Wonderful discussion in HUM. We are looking at ways to help students develop transcultural skills in the particular context of online collaborations. Will lack of face to face interaction make collaborations, planning and projects across cultures harder, or will it actually reduce the scope for mis-understandings? It’s fascinating to think about. Better maybe we’ll get some insight into the personal qualities and behaviours that facilitate transcultural online working. It is almost impossible to predict the kinds of employment this generation of graduates will have in twenty years. But on current trends, with the forces of globalisation and technology acting together, I can’t help thinking these might be the skills to build.
Language, communication, teaching and technology blended: utterly irresistible!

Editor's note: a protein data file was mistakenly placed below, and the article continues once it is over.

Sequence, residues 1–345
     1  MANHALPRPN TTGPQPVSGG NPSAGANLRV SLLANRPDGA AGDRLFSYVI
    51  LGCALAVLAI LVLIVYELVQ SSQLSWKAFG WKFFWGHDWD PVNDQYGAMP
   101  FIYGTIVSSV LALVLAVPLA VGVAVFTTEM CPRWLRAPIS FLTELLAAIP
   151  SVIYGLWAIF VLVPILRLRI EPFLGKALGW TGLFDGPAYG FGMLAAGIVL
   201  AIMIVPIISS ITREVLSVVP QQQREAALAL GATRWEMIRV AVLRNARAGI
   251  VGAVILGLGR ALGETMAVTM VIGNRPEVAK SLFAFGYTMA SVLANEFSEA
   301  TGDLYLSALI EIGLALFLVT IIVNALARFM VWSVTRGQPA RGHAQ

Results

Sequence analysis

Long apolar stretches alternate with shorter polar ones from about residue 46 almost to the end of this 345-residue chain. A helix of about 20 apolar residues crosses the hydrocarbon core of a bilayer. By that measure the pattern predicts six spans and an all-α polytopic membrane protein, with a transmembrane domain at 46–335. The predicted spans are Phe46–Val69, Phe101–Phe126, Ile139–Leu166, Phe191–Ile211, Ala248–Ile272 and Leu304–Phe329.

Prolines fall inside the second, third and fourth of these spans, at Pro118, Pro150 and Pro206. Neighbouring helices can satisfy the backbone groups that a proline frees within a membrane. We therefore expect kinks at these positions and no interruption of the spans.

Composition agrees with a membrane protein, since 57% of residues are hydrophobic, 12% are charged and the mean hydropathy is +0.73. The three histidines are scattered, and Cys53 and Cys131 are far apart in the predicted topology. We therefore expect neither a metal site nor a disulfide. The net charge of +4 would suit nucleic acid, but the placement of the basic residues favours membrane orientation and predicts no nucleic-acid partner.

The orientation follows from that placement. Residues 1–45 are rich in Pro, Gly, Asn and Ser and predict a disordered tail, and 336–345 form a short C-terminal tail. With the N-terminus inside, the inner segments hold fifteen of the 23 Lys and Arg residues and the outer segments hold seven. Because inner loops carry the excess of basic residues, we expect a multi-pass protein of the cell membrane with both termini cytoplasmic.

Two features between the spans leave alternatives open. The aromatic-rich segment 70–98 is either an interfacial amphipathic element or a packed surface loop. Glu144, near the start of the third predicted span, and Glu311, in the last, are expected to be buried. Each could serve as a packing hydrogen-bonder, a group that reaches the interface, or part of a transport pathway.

Had a great time this morning working with a dozen academics from FMH who are determined to flip their lectures and get to grips with screen casting software. Fortunate the dozen are so patient because there’s a lot to learn all at once. The technology was the easy part! By moving the lecture online they all sensed an expansion in teaching space-time but it took a bit of a mind shift and a lot of creativity to work out how best to exploit it. Designing group work, projects and learning activities that allow students to use face to face time as an opportunity to analyse and apply the concepts in the screen cast is a lot easier said than done. But we were blown away by the ideas they came up with. By the end of the session we had some amazing integrations of teaching and technology planned, and a real anticipation for the feedback from the students.
Best of all the whole enterprise has been wrapped up in a supportive community of practice prepared to experiment – we just can’t wait to hear the difference it makes that all twelve are in it together. Fingers crossed it will be the start of a proper critical mass. Watch this space and good luck to one and all!